Start by removing soap deposits, food stains, rust and water spots by scrubbing with baking soda.You can sanitize germs in your sink by plugging the drain and filling with warm water and either vinegar or vodka. White vinegar is made with acetic acid and a powerful cleaner to cut through grease and remove mildew and stains.
Vodka is 80 to 100 proof alcohol and is highly antibacterial without any odor. Essential oils also have a wide range of medicinal properties, including having powerful antibacterial properties. When essential oils are added to vodka in a spray bottle, some can also enhance the removal of mold, mildew and musty smells.
Tea tree oil, citronella, lemongrass, orange and Patchouli essential oils have particularly strong bacterial fighting properties. Once a week, fill your sink with hot water and vodka or vinegar and then quickly pull the drain to allow it to flush your drain pipes. This also helps remove greased along the drainpipes and keep your sink draining well. Consider using in your bathroom sink as well.
Cutting boards are another offender when it comes to harboring dangerous bacteria. Surfaces you use to chop your food may have bacteria including E. coli and Salmonella. Since plastic cutting boards have been easier to sanitize, they were often thought safer. That was until the 1980s when a UC Davis researcher investigated and found although they are easier to sanitize, cutting often nicks the plastic, giving bacteria a place to hide.Wood may be tougher to sanitize, but it does not nick as easily. Bamboo cutting boards are harder and less porous than wood, absorb little moisture and resist scarring from knives.
Experts recommend having at least two cutting boards, one for foods safely eaten raw, such as fruits and vegetables, and the second specifically for cutting raw meat, poultry and fish. This helps avoid transferring bacteria.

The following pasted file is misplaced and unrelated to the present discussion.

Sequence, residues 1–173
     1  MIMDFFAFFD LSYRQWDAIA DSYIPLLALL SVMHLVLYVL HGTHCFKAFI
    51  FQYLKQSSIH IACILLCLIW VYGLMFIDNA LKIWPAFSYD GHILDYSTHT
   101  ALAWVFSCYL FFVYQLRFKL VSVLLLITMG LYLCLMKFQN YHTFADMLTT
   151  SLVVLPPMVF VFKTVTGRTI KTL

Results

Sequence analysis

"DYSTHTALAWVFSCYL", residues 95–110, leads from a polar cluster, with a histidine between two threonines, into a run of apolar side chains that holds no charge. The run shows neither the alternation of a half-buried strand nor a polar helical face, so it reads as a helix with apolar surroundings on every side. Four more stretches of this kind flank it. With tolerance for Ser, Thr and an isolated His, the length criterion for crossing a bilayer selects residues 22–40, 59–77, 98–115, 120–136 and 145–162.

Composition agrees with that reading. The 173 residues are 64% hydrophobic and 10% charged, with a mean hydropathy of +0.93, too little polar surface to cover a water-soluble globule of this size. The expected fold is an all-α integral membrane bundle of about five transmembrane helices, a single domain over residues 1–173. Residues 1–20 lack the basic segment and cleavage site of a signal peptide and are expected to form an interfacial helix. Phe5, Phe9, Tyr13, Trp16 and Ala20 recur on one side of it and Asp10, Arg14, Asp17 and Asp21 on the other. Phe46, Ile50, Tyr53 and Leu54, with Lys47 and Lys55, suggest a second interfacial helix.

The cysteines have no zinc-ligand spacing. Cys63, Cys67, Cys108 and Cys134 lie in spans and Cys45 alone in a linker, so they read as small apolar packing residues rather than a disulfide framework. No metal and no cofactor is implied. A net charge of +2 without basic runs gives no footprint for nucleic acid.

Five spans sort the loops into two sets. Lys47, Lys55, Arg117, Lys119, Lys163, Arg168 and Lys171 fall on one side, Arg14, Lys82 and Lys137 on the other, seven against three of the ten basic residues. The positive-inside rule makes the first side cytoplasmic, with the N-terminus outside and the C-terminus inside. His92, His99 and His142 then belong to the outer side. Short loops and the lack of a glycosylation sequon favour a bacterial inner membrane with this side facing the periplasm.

The U.S. Department of Agriculture (USDA) hotline recommends washing your cutting board in hot soapy water after each use and allowing it to completely air dry before putting it away.
Importantly, replace your worn boards as they develop hard-to-clean grooves.
- Remote Controls
Your remote control is also covered in bacteria, mold and potentially infection-causing Staphylococcus aureus. And, if you don't clean your remote control, you can bet your hotel probably hasn't either. According to Katie Kirsch, who presented a study at the 2012 general meeting of the American Society for Microbiology while she was an undergraduate student at the University of Houston:
"Currently, housekeepers clean 14 to 16 rooms per eight-hour shift, spending approximately 30 minutes on each room. Identifying high-risk items within a hotel room would allow housekeeping managers to strategically design cleaning practices and allocate time to efficiently reduce the potential health risks posed by microbial contamination in hotel rooms."
The researchers from the University of Houston discovered an average of 67.6 colony forming units of bacteria per cubic centimeter on hotel remote controls. This is 13 times the maximum acceptable level recommended in hospitals.
You’ll want to use the same precautions cleaning your remote control as you do with your phone to avoid damaging the electronics. Remove the battery and clean with a cotton dampened with rubbing alcohol, removing any grit or grime around the buttons with a cotton swab or wooden toothpick. Allow it to dry completely before replacing the batteries.
Using Nontoxic Cleaners Is Effective and Safer
Using nontoxic cleaners are as effective and safer than over-the-counter chemicals. Commercial sprays, wipes, scrubs and polishes often add toxins to your home environment instead of removing them. If you have ever felt nauseous, dizzy or gotten a headache after cleaning your home or using an air freshener, it is likely because of the volatile organic compounds (VOCs) emanating from the cleaners.
These chemicals irritate your eyes, nose and throat and over the long term can damage your liver, kidneys and central nervous system. You can't tell what types of toxic chemicals are in over-the-counter cleaning supplies because labeling is not required for all substances that may be in them. Even products labeled green, natural and organic may emit hazardous air pollutants.As previously mentioned, some essential oils have strong antibacterial properties and also add a fresh clean scent to your natural cleaning arsenal.